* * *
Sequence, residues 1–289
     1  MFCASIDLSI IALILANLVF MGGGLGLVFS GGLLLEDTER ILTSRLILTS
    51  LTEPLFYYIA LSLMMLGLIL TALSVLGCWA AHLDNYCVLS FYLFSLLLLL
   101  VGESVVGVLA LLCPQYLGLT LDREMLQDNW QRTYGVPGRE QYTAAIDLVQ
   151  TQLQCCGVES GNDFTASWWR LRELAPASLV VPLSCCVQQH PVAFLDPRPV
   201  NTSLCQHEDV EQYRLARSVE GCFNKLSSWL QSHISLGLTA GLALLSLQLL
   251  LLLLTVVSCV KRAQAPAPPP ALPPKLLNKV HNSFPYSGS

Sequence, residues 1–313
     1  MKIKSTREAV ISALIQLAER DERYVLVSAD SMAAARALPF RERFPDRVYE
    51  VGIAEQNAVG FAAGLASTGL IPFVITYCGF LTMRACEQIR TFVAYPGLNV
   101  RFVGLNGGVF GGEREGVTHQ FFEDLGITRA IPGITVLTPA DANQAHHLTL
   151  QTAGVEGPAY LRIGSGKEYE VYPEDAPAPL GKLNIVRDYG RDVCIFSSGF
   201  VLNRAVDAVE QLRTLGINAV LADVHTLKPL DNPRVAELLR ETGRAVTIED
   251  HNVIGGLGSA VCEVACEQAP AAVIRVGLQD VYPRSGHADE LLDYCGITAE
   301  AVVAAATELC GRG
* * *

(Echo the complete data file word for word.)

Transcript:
Sequence, residues 1–289
     1  MFCASIDLSI IALILANLVF MGGGLGLVFS GGLLLEDTER ILTSRLILTS
    51  LTEPLFYYIA LSLMMLGLIL TALSVLGCWA AHLDNYCVLS FYLFSLLLLL
   101  VGESVVGVLA LLCPQYLGLT LDREMLQDNW QRTYGVPGRE QYTAAIDLVQ
   151  TQLQCCGVES GNDFTASWWR LRELAPASLV VPLSCCVQQH PVAFLDPRPV
   201  NTSLCQHEDV EQYRLARSVE GCFNKLSSWL QSHISLGLTA GLALLSLQLL
   251  LLLLTVVSCV KRAQAPAPPP ALPPKLLNKV HNSFPYSGS

Sequence, residues 1–313
     1  MKIKSTREAV ISALIQLAER DERYVLVSAD SMAAARALPF RERFPDRVYE
    51  VGIAEQNAVG FAAGLASTGL IPFVITYCGF LTMRACEQIR TFVAYPGLNV
   101  RFVGLNGGVF GGEREGVTHQ FFEDLGITRA IPGITVLTPA DANQAHHLTL
   151  QTAGVEGPAY LRIGSGKEYE VYPEDAPAPL GKLNIVRDYG RDVCIFSSGF
   201  VLNRAVDAVE QLRTLGINAV LADVHTLKPL DNPRVAELLR ETGRAVTIED
   251  HNVIGGLGSA VCEVACEQAP AAVIRVGLQD VYPRSGHADE LLDYCGITAE
   301  AVVAAATELC GRG